Cereius was founded in 2017 by Dr. Michael Zalutsky and Dr. Kimberly Blackwell. Dr. Zalutsky is Professor of Radiology, Radiation Oncology and Biomedical Engineering at Duke University. Dr. Blackwell is Vice President, Early Phase Development and Immuno-oncology at Lilly Oncology and adjunct Professor of Medicine, Duke University.

    Cereius’ intellectual property includes next-generation radiolabeling chemistries developed by Dr. Zalutsky and exclusively licensed from Duke University. These techniques increase the uptake of radionuclides within the tumor site by up to 5-fold compared to existing methods while simultaneously reducing the off-target levels in healthy tissues. Moreover, the chemistries can employ a variety of medically advantageous radionuclides to either enhance the detection sensitivity of diagnostic imaging or to improve the therapeutic index of targeted therapies. By combining these technologies with advancements in the field of high-affinity, tumor-targeting agents that can cross the blood brain barrier, Cereius has positioned itself to deliver new targeted classes of both radiologic diagnostics and radiotherapeutics for the treatment of cancers in the brain.


Brain metastasis from solid tumors are on the most feared consequences of advanced cancer. It is estimated that over 30% of people with recurrent tumors develop brain metastases. Historically, these brain metastases have been universally accepted as an end stage in cancer patient care. The associated symptoms include:

  • Severe headaches
  • Refractory vomiting
  • Seizures
  • Paralysis

With advances in treatments for primary tumors outside the brain, the incidence of brain metastases is only increasing – becoming 10 times more common than cancer originating in the brain itself. Brain metastases are particularly prevalent in patients with cancers of the breast, lung, kidney, and melanoma.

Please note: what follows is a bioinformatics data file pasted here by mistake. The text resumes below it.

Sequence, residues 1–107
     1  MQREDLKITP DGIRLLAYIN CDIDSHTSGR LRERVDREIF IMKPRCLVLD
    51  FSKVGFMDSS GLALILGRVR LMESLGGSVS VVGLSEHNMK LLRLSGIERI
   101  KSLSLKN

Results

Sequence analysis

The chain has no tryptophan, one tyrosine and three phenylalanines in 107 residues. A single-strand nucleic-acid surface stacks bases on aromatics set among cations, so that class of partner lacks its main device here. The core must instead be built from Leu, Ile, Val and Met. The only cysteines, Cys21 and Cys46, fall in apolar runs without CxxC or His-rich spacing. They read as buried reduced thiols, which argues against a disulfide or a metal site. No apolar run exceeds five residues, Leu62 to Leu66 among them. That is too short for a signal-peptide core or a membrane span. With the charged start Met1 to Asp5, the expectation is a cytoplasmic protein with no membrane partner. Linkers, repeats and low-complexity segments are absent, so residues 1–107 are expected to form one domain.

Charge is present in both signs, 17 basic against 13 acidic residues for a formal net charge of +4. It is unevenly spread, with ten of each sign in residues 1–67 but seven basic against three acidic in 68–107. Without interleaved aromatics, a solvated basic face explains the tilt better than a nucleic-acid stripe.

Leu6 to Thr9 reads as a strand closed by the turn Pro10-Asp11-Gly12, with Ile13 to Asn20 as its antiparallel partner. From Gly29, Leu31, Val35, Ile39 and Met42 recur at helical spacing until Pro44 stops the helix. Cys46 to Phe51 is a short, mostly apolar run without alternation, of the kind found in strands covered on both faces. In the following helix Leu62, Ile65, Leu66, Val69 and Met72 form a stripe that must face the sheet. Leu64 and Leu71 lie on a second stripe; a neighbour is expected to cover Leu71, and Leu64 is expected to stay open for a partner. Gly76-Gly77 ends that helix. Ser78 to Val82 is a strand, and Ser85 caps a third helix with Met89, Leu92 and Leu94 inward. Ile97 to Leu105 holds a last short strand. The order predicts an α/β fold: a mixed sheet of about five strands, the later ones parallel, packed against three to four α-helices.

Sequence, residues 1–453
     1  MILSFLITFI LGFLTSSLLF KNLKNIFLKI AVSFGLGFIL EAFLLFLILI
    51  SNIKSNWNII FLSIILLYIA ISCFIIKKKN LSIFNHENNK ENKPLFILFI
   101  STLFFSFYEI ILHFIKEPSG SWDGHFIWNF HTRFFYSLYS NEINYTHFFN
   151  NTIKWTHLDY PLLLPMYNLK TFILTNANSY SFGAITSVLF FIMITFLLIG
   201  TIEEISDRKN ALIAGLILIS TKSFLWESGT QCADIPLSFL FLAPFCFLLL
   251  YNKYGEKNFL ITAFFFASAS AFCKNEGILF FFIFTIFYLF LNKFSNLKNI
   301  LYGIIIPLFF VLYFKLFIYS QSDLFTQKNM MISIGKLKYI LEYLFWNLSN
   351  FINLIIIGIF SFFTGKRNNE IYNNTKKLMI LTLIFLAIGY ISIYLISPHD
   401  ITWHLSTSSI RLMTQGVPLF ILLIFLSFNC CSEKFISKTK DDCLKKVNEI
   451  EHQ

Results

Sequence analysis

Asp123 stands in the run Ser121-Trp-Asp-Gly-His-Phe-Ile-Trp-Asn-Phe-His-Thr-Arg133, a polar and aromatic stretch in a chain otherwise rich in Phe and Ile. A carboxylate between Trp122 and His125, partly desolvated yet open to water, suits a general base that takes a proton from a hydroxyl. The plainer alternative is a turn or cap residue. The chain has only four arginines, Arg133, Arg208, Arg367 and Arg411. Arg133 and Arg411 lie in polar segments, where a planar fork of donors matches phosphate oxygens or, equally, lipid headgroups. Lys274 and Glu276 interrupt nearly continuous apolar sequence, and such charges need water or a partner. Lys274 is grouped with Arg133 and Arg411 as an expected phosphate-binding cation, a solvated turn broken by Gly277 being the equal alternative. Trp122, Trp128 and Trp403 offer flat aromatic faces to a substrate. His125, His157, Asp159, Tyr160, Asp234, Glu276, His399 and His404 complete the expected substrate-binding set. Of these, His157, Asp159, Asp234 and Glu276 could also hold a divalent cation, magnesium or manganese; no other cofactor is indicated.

Current clinical interventions frequently require whole brain irradiation.

  • Traditional radiation therapy consists of focused beams of emitted energy from unstable isotopes. This ionizing energy can pass through tissue over large distances to preferentially kill cancerous cells. However, as healthy tissue is also exposed to this energy, adverse side effects can occur.
  • Medical radionuclides emit cancer killing energy must as external beam radiation. However, radionuclides can be selected such that the energy is only released over short distances less than 1 mm. By coupling radionuclides with advanced tumor-targeting molecules, radiotherapy can be localized specifically to a tumor – sparing healthy tissue.

VHHs, or nanobodies, were first identified in 1989 by Raymond Hamers. They consist of single domain, heavy-chain only molecules derived from antibodies in camel, llama, and alpacas. While capable of the same targeting affinity of full size antibodies, they are 1/10th the size.